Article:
In a previous blog we investigated the subtle differences between the 7mm Rem. Mag. and 300 Win. Mag. when firing optimum bullets in each. In this update, we’re going to investigate real-world performance differences among some readily available factory loaded ammunition. Factory loads don’t necessarily offer optimum velocities or the high ballistic coefficient bullets available to handloaders.
Study ammo catalogs and you’ll see there are usually 160-grain to 175-grain bullets offered aboard 7mm RM, but the 300 WM usually tops out at 180-grains with a few offerings at 190- or 200-grains, but rarely high B.C. forms. This is, I think, because most hunters are more than satisfied with the punch and performance of 180-grain slugs and aren’t eager to endure the additional recoil of heavier versions. Recoil differences between full-house 175-grain 7mm RM and 180-grain 300 WM loads are so minimal as to be ignored. But jump up to 200-grain bullets in the 300 and additional punch starts to open eyes — or close them.
Anyone planning on shooting factory ammunition in either of these magnums should study the market carefully before choosing between the 7mm RM and 300 WM. The differences in available loads could make one perform significantly better than the other. Here’s a sampling of currently cataloged 7mm and 300 WM loads from a variety of brands:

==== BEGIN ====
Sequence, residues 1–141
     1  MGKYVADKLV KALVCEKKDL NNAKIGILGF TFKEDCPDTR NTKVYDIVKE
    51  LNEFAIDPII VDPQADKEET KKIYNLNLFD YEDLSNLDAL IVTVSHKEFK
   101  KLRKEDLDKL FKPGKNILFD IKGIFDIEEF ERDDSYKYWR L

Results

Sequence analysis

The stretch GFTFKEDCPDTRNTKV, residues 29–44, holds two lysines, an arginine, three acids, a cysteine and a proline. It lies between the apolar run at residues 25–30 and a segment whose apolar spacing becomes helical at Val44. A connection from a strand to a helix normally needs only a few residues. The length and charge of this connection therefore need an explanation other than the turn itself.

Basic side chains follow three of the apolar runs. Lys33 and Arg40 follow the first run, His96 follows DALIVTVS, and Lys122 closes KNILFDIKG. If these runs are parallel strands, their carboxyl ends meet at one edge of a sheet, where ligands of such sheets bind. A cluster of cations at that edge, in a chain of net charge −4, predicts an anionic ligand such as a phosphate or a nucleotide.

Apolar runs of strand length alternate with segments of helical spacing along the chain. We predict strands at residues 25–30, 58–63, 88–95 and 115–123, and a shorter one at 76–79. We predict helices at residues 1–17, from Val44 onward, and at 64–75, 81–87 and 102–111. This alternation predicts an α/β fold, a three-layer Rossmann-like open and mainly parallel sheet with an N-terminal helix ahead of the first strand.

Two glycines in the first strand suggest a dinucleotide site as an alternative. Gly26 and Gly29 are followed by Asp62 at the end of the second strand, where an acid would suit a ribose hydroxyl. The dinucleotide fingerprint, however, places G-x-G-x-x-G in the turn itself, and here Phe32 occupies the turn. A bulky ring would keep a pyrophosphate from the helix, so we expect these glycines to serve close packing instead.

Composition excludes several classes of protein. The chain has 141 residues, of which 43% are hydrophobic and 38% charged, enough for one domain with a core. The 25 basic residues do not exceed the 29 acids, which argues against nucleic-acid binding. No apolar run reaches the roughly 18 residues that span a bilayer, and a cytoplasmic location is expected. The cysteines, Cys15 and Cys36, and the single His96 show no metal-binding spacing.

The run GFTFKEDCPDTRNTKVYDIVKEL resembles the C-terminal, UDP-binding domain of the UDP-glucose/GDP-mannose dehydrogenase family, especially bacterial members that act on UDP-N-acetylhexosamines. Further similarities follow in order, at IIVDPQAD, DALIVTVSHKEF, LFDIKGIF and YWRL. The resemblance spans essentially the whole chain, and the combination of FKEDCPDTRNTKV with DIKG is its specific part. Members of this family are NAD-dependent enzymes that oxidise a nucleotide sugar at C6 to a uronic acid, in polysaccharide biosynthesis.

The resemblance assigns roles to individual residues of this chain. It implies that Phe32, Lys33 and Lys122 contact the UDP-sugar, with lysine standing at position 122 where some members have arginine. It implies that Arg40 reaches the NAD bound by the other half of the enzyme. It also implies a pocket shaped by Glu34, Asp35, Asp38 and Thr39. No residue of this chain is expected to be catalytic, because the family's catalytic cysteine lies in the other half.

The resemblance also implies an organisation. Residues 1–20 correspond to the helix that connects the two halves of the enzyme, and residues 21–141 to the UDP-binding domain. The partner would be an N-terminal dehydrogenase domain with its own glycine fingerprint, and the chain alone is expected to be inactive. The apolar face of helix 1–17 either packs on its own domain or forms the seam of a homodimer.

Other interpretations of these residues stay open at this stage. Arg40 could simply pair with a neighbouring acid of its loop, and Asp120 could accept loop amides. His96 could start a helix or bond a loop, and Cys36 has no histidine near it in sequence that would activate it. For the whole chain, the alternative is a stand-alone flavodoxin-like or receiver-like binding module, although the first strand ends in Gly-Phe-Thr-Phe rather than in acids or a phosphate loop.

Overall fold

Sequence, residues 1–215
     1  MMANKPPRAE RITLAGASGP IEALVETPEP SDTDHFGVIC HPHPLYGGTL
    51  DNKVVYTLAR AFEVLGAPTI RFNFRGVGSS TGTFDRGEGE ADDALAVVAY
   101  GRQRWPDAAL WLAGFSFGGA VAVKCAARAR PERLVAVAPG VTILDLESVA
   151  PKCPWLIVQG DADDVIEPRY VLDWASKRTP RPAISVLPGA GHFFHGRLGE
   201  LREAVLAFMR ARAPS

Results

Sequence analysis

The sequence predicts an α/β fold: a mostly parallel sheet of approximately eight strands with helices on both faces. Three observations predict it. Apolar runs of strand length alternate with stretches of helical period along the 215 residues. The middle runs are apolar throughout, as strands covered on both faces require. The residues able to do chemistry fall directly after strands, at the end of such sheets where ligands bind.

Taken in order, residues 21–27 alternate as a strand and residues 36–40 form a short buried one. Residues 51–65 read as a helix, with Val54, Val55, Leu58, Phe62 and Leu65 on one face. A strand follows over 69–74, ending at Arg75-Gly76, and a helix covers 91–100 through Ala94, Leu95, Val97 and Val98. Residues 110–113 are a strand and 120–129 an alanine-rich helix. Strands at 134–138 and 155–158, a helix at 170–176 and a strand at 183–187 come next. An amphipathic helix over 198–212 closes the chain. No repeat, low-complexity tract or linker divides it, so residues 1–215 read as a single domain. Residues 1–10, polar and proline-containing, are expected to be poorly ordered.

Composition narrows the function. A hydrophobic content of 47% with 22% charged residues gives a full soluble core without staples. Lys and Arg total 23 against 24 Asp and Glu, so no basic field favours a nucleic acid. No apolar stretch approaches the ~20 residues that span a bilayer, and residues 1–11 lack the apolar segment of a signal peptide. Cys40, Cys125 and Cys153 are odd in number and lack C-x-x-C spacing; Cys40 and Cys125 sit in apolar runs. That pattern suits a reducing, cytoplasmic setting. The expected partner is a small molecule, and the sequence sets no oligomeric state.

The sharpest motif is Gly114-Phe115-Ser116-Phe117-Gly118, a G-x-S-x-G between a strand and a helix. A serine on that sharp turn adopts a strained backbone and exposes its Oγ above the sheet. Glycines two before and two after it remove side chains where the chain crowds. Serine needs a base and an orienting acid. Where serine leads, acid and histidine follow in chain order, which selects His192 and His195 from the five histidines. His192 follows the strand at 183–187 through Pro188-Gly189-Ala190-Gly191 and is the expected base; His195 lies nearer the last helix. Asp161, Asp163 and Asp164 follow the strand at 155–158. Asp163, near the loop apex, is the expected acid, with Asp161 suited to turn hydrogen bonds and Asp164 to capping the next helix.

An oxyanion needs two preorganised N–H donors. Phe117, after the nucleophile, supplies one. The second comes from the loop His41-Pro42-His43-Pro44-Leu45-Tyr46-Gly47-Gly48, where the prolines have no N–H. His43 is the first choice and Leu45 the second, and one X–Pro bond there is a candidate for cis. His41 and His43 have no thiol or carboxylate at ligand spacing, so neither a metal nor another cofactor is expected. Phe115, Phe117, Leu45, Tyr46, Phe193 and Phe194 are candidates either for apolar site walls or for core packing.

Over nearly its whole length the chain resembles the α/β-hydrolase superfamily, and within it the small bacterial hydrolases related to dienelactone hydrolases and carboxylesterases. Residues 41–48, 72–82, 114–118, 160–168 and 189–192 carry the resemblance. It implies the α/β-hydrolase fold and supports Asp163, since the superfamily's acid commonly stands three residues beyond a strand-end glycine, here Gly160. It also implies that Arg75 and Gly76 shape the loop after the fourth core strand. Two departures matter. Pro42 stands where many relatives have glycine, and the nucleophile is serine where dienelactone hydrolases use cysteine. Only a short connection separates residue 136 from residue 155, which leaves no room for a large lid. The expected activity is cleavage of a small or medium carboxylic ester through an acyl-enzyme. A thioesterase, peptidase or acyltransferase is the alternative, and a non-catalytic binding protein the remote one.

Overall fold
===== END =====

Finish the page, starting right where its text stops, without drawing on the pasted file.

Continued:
Clearly you’ll find more long range options (high MV and B.C.) in 7mm RM factory loads than 300 WM loads. Remember, the slower the MV and lower the bullet B.C., the poorer the ballistic performance across the board: more drop, more drift, less retained energy downrange. Also, the higher the MV and heavier the bullet, the greater the recoil. Consider all these factors when contemplating your options. If you never plan on shooting game beyond 300 yards, don’t worry about any of this. All of the factory loads above will suffice, as this video of a 6×6 bull elk kill suggests.
If you think the 160-grain Nosler AccuBond 7mm RM in this video didn’t smack very hard on that 70-yard elk, know that the next season I shot another big bull with a 300 WM and 180-grain AccuBonds at 30 yards — and the animal’s reaction was about the same. No rocking, no slamming to the ground. He just soaked up two rounds to the shoulder and one to the neck before wobbling and falling. Energy doesn’t kill; tissue destruction does.
If you’re looking for longer range performance advantages, choose carefully because there are huge performance differences among these loads. Some are designed for long range, some for close. Bullet B.C. makes a huge difference. Let’s run ballistic profiles on three. We’ll zero all rifles at 250 yards and shoot in a 10 mph right angle wind. You can study the data and decide which option you like best.
Grab a ballistic computer and run all the comparisons you want. Be aware that rifles/barrels can slightly alter manufacturer B.C. ratings, but these should get you close.
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